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Committing to Equity, Inside and Out

Honoring different cultures in Seattle has become a driving principle of program and event design for Friends of Waterfront Seattle. Credit: Adam Lu, Friends of Waterfront Seattle.

Successful equity-based work depends on serious inner reflection—and Friends of Waterfront Seattle has taken a deep look into the mirror. 

As the manager of a future 20-acre green space along Seattle’s downtown shoreline, Friends’ honest self-assessment has led to changes in hiring and accountability to staff. Instead of conventional cover letters, they invite job applicants to share what Diversity, Equity, and Inclusion (DEI) means to them. Staff can join a Black, Indigenous, and People of Color (BIPOC) caucus or a white caucus. There’s a biweekly DEI book club and monthly all-staff DEI training, where they discuss everything from self-care to preventing burnout.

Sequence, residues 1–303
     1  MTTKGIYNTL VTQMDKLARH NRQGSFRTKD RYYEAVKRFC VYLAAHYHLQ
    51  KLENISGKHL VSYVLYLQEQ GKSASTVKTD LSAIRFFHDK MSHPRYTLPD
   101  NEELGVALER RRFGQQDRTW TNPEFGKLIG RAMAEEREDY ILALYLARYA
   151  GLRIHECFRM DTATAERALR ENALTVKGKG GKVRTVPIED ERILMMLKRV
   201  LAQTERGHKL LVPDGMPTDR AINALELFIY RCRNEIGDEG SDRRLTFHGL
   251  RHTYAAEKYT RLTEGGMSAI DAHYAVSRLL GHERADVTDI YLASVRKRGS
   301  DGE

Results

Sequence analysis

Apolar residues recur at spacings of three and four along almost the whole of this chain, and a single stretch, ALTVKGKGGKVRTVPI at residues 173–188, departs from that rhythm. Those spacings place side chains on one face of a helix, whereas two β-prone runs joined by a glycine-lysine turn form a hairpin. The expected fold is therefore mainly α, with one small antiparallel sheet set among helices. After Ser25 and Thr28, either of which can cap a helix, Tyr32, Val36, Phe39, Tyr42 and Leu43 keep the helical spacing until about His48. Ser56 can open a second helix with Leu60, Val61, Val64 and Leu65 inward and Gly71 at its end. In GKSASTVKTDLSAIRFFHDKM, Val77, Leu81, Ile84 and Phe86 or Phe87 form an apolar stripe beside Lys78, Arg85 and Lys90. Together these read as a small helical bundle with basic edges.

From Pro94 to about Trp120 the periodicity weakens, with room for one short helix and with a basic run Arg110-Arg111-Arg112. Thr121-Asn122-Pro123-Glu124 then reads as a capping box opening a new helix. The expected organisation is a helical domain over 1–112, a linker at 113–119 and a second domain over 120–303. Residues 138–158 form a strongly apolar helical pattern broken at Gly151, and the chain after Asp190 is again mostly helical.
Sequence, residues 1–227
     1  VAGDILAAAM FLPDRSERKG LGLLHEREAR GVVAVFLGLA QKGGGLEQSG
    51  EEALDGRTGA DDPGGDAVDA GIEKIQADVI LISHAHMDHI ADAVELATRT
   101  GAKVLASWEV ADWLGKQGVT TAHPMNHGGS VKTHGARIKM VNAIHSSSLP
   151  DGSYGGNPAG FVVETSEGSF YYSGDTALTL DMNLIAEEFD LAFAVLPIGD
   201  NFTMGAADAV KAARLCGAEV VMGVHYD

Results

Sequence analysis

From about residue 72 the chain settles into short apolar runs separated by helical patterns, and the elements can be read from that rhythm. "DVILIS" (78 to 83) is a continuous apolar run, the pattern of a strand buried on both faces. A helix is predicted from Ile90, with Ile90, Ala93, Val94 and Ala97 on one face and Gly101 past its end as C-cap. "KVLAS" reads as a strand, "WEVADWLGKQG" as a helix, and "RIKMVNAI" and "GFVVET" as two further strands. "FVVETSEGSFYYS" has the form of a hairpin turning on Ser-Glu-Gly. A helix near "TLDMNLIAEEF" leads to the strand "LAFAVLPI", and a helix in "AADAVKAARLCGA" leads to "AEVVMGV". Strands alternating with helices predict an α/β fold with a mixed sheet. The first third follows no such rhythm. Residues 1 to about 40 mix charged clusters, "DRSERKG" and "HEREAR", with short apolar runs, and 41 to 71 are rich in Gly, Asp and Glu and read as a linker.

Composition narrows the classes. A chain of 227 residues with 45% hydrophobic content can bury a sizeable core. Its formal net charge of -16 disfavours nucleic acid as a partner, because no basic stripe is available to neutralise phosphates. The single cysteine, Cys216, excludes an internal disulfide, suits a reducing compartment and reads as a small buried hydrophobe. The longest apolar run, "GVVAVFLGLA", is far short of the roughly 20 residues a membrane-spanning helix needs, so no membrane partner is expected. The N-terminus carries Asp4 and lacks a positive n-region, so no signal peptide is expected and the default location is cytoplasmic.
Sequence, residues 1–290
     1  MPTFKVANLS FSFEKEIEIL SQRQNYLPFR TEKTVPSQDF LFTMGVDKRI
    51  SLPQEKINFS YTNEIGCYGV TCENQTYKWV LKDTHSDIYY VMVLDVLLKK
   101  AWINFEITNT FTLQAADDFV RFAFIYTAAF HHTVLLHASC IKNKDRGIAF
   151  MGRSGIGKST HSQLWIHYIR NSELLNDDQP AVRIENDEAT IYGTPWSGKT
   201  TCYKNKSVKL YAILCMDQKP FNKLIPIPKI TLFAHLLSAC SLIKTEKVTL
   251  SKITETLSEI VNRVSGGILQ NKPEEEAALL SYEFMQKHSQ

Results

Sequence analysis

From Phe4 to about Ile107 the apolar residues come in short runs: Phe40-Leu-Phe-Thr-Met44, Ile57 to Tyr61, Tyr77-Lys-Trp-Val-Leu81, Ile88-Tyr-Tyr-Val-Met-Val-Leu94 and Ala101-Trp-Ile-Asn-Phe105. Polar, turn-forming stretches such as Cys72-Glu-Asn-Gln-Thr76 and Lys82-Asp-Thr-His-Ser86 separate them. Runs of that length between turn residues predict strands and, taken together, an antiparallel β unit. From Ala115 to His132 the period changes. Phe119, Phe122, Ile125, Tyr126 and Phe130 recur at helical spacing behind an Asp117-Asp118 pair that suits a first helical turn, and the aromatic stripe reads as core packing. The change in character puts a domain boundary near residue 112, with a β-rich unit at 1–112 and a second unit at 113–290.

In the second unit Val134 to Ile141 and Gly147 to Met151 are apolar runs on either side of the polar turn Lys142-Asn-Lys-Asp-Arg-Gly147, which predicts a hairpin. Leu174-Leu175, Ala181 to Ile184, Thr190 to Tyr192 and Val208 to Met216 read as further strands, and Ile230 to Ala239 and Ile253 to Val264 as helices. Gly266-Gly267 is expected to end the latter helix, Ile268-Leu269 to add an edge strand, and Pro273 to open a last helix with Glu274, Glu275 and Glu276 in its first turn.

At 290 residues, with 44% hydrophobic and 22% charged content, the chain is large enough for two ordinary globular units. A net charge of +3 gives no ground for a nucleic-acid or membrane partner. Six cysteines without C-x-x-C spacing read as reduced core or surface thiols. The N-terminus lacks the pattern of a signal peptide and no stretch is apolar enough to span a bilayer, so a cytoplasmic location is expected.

The effort to diversify the staff hasn’t gone unnoticed. According to Friends, community partners—including elder indigenous tribal leaders—said they noticed the shift in representation. 

The organization has also added land acknowledgement and public equity statements to their website and across all their public-facing communications. The latter is: “Friends of Waterfront Seattle (Friends) recognizes and acknowledges historic and existing systemic racism embedded in our city. Friends is committed to becoming an anti-racist organization by prioritizing racial equity inside the organization and the public spaces we operate. Our goal is to continually cultivate inclusive spaces where all people—specifically Black, Indigenous, and People of Color (BIPOC) as well as underserved communities—are invited and welcome to enjoy Waterfront Park.”

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